Originally published by Leigh Kendall – 30th May 2018
When seeking to influence positive change, an awareness of psychology and personality traits can be very useful. For instance, understanding the motivations of individuals who may be impacted by the intended change (thinking “what’s in it for them?”) will help you to craft your communications accordingly – and your efforts are more likely to be successful.
As part of understanding these motivations, you might look towards psychological models such as profiling tools that list a whole host of personality types. Our personality traits influence how we see the world, so these models and tools can give useful indicators on how best to engage with individuals, making such models very helpful.
A key word here is indicator – while the models can be a useful guide, they are not an absolute. Humans are complex individuals. As individuals, everyone will have different preferences at different times during different contexts.
“…all models are approximations. Essentially, all models are wrong, but some are useful. However, the approximate nature of the model must always be borne in mind.” George Box
If we want our influence and communication efforts to be successful – whether on a one-to-one basis to do or not do something, or on a larger scale with a change programme – we need to make the effort to ensure that the way in which we communicate is relevant to our intended audience.
By all means take inspiration from psychological models and personality profiling tools, while remembering that they are intended as a useful guide and are not absolute.
Using profiling tools as an absolute can lead to making generalisations about your audience. Not only is this a very lazy strategy, generalisations lead to assumptions and stereotyping, with the likely result of a poor relationship fraught with mistrust and animosity which can be difficult to repair.
A more productive approach is to bear those models and profiles in mind while planning your communications tactics, whatever medium you are using. It’s useful to think about your intended audience’s perception and attitude (dependent on what you are doing, that perception could be of you as an individual, of your organisation, or of the particular area of work); the way in which they prefer to be communicated with; how they may be likely to respond.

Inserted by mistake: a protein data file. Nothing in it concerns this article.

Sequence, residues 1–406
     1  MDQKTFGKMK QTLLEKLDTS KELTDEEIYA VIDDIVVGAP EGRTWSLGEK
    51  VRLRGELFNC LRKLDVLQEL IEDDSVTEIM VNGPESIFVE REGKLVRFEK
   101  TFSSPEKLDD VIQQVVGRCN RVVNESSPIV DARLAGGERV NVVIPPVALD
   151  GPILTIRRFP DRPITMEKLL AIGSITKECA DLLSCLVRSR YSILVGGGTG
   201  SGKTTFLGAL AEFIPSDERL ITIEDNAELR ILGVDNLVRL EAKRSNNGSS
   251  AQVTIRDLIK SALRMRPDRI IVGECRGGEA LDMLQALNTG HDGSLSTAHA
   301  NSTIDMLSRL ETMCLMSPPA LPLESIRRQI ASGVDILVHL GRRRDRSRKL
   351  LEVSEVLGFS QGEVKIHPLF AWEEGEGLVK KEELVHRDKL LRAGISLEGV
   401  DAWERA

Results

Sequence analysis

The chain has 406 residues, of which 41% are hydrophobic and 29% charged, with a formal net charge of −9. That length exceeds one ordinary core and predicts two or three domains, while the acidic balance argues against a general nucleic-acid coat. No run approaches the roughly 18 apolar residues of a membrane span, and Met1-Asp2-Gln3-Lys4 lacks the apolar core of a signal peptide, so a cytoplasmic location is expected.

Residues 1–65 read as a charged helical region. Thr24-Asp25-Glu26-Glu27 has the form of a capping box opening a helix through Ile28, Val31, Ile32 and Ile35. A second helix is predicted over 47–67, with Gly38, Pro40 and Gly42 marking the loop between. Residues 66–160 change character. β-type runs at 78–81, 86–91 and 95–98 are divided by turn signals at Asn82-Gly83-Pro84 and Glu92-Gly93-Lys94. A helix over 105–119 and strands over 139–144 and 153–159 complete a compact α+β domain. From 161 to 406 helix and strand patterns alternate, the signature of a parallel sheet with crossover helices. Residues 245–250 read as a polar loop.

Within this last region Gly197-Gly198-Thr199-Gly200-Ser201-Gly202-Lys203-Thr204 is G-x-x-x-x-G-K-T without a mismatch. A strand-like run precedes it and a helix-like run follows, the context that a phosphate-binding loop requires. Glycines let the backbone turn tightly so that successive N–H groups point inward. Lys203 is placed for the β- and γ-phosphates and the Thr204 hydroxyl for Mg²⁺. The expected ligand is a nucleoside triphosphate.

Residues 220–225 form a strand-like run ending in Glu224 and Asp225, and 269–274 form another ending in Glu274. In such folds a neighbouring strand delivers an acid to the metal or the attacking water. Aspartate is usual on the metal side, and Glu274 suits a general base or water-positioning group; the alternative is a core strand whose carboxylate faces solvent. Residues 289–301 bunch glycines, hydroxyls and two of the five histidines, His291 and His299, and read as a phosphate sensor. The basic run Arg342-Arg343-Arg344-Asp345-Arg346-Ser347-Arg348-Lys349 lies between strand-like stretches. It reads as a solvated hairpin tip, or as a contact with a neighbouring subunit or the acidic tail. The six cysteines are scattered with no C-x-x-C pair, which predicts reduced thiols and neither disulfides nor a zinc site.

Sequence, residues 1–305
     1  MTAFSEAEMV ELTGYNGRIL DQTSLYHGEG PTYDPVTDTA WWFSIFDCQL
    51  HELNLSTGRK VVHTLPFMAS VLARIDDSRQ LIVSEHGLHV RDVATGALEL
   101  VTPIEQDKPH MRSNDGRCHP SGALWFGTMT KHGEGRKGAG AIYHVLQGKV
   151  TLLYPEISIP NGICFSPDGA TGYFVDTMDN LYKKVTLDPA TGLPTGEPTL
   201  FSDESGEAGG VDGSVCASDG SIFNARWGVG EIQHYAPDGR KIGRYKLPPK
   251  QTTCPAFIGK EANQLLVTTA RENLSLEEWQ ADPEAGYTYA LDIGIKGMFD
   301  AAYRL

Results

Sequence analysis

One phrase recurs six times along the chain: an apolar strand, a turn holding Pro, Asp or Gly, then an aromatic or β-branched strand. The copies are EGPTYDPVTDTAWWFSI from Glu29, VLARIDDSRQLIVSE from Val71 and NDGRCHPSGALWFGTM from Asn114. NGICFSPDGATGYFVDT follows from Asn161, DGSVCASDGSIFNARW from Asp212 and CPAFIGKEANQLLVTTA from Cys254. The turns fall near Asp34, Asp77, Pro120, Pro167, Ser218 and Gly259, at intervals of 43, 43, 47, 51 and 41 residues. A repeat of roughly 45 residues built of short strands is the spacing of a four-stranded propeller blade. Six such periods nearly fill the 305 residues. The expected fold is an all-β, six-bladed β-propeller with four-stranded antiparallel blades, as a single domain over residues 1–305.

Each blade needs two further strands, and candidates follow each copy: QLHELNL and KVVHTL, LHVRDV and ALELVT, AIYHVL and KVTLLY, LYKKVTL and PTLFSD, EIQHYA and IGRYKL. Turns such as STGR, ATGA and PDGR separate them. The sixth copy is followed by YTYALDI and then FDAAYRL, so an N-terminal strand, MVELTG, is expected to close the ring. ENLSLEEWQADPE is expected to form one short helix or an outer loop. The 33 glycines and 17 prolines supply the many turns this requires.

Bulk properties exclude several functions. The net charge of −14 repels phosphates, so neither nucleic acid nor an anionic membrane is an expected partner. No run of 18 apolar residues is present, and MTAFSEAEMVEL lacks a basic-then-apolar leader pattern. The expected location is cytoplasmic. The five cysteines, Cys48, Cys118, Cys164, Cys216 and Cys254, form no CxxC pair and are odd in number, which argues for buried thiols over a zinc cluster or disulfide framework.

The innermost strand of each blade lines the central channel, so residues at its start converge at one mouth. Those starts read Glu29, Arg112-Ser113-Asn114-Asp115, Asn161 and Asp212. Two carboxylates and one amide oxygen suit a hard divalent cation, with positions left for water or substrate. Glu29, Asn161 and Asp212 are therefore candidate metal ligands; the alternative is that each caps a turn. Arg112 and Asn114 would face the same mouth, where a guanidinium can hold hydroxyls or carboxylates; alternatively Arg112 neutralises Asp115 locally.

Remember too that you may need to tweak the way you communicate your message to not only consider your intended audience, but also according to the medium you are using: face-to-face (one-to-one or to a group); written (email, newsletter, social media for example); verbally (face-to-face, on the phone or via a webinar) will all require a slightly different approach.
Bear in mind that your audience will not be a homogenous group: while a particular audience group may share things in common, (job role or subject interest, for example) each member of that audience is an individual with their own hopes, fears, aspirations, needs, and wants.
Most importantly of all, though, remember that effective communication is two-way. When seeking to influence change, don’t just broadcast your messages and expect people to get on board! Remember that any successful communication (whether as part of a campaign strategy or to build relationships) is about getting to know people, building trust and rapport.
The most productive way to build that trust and rapport – as well as to find out what an individual’s hopes, fears, aspirations, needs, and wants are – is to listen.
When building a relationship with someone, make sure you take the time to find out what is most important to them – ask questions! – and really listen to what they say. For a campaign strategy, make sure there are plenty of opportunities for people to give feedback, to ask questions – demonstrate you are listening using methods such as ‘you said, we did’.
This advice is relevant to anyone seeking to influence someone. While communications professionals will be crafting the communications plans and key messages and are always on hand to offer advice about how to craft messages, no matter what our role is we all communicate, meaning we are all responsible for effective communication.
There are main points to remember:
- Plan your communications according to the audience and method of delivery;
- Think about your audience’s motivations, wants, needs, using some psychology tools where useful – while remembering your audience is individual;
Speculation as to why people behave in the way they do is part of everyday life. We all have to make sense of others’ behaviour, to adapt to it and get on with living our own lives…as Rubin admits, personality is more complicated than just four tendencies. We can take inspiration when planning campaigns, but we must always remember that consumers are unique – and our work should be too.